They're actually overgrown woodland vermin, not cute little Bambi types.

We need more wolves to control the deer herd.

Cheers, and fire for effect.

Irene said...

Doug, I am all for wolves.

Quaestor said...

Doug Wright wrote: We need more wolves to control the deer herd.

It appears that biological controls are much harder to implement than to imagine. Grey wolves were reintroduced to Yellowstone National Park decades ago in hopes that they would confine themselves to the plentiful stocks of deer, elk and smaller game that often threaten to overwhelm the park's resources. Unfortunately, wolves are just like us, they prefer an easier lifestyle to a more difficult one any day. Cattle, sheep and domestic pets on private land are easier prey than any mule deer or snowshoe hare inside park boundaries.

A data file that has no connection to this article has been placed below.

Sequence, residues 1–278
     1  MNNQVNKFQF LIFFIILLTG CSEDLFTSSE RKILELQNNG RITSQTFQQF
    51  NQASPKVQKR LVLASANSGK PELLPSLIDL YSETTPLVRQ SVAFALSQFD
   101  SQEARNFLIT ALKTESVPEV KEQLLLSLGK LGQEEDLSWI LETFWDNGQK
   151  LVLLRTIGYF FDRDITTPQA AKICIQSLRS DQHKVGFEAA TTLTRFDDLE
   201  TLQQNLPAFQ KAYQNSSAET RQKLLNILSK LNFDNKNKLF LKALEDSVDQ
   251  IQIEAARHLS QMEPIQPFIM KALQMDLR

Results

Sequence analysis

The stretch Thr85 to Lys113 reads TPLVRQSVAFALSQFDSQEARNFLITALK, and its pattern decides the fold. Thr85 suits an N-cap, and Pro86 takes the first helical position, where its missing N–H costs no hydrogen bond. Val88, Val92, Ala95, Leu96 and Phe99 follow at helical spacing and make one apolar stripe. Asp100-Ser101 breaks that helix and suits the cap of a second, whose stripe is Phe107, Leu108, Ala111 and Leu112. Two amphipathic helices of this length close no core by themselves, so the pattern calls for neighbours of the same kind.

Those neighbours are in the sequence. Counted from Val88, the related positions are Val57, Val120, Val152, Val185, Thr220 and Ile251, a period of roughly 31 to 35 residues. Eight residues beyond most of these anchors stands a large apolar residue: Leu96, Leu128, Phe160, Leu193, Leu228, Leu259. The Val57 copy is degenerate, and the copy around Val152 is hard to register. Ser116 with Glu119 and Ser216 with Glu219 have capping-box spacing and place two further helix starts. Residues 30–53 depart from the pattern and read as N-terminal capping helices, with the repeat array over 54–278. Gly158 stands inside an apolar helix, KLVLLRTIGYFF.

bagoh20 said...

I think there should be no limit on deer harvested, but they must be taken without any use of metal or plastic. Let's get some challenge and creativity going here. I was dear hunting before I ever saw a naked woman, but neither should be taken through the use of technology. What next, remote control drone aircraft from the Lazyboy recliner while sipping a Bud Light?

TomHynes said...

Okay, no hunters got killed this season, but Wisconsin still had that loon that shot his TV because Bristol Palin pwnd DWTS. All in all, not a great season Wisconsin.

ironrailsironweights said...

This P*lack is out deer hunting when he sees something move behind a tree, fires a shot, and realizes too late that instead of a deer, he has shot another hunter.

A couple hours later, after the body's been removed, the P*lack is giving a statement to the police. "I never thought it was a person," he says, "I was sure it was a deer. Wasn't there any way he could have been saved?"